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Glucose, a form of sugar, is the body's main fuel. Hypoglycemia or low blood sugar, occurs when blood levels of glucose drops too low to fuel the body's activity.

Carbohydrates i.e. sugars and starches are the body's main dietary sources of glucose. During digestion, the glucose is absorbed into the blood stream which carries it to every cell in the body. Unused glucose is stored in the liver as glycogen. Hypoglycemia can occur as a complication of diabetes as a condition in itself or in association with other disorders. The normal range for blood sugar is about 60 mg / dL to 120 mg/dL depending upon when a person last ate. In the fasting state, blood sugar can occasioinally fall below 60 mg/dL and even to below 50 mg/dL and not indicate a serious abnormality or disease. This can be seen in healthy women, particularly after prolonged fasting. Blood sugar levels below 45 mg/dL are always associated with serious abnormality.

The amount of glucose in the blood is controlled mainly by the hormones insulin and glucagons. Too much or too little of these hormones can cause blood sugar levels to fall too low or rise too high. Other hormones that influence blood sugar levels are cortisol, growth hormone and catecholamines.

Hypoglycemia, also called low blood sugar, occurs when your blood glucose level drops too low to provide enough energy for your body's activities. In adults or children older than 10 years, hypoglycemia is uncommon except as a side effect of diabetes treatment, but it can result from other medications or diseases, hormone or enzyme deficiencies or tumors.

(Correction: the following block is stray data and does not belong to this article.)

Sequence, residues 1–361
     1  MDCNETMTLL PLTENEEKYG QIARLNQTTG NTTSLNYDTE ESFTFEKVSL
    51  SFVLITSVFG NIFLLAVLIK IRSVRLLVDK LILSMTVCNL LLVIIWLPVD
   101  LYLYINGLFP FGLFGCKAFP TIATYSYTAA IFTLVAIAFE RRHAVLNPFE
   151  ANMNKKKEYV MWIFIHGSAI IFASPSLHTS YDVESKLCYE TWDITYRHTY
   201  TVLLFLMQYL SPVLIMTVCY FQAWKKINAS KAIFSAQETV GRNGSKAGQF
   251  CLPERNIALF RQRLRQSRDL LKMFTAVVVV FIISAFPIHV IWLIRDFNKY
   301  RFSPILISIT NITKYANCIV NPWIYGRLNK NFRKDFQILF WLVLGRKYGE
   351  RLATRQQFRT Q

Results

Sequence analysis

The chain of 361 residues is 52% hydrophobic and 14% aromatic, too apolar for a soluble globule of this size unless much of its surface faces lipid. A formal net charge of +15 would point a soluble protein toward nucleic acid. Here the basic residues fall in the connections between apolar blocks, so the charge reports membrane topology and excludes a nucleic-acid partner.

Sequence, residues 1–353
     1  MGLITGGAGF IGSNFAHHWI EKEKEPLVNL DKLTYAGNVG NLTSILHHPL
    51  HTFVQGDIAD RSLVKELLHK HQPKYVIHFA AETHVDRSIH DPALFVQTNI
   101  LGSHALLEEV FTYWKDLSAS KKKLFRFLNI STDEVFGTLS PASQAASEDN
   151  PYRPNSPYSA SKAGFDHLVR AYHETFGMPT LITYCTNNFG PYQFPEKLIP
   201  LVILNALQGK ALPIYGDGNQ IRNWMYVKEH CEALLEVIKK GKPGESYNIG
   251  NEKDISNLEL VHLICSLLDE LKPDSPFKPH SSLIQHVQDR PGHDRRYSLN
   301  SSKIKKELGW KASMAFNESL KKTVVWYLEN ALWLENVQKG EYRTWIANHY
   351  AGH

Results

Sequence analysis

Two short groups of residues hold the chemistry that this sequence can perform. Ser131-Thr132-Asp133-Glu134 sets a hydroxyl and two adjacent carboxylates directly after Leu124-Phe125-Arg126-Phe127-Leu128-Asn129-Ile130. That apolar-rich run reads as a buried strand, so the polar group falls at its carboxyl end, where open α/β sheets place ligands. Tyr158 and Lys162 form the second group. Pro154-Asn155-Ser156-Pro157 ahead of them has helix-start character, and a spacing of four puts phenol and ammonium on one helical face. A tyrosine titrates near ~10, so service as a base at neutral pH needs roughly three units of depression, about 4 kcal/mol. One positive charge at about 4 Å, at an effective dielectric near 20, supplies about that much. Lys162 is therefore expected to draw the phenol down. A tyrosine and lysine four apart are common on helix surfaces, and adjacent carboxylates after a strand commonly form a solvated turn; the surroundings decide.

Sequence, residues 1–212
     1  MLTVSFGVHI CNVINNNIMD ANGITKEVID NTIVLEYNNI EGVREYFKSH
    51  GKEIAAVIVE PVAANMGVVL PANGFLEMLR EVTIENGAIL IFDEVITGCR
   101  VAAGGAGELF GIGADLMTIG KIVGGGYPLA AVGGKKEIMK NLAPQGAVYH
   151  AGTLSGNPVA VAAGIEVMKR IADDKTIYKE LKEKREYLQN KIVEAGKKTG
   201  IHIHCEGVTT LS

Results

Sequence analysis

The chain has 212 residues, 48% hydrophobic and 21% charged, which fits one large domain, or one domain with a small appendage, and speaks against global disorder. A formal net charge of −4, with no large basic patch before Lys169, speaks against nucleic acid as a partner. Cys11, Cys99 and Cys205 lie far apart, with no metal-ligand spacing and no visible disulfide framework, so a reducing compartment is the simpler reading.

When blood glucose begins to fall, glucagons, another hormone produced by the pancreas, signals the liver to break down glycogen and release glucose, causing blood glucose levels to rise towards a normal level. If you have diabetes, this glucagons response to hypoglycemia may be impaired, making it harder for your glucose levels to return to the normal range. The symptoms of hypoglycemia include hunger, nervousness and shakiness, perspiration, dizziness orlight-headedness, sleepness etc. Hypoglycemia can also happen while you are seeping and you might cry out or have nightmares, and feel tired, irritable or confused when you wake up.

In people taking certain blood-glucose lowering medications, blood glucose can fall too low for a number of reasons such as meals or snacks that are too small, delayed or skipped, excessive doeses of insulin or some diabetes medications, increased activity or exercise, excessive drinking of alcohol.

Quick Tip #1

Recent research has suggested that caffeine may be responsible of elevating blood sugar levels, especially after meals. Please consult your doctor on what you can have and what you cannot.



Quick Tip #2

People who have type 2 diabetes should get involved in an exercise regimen. Exercising has also been know to help diabetic patients get rid of there medications.

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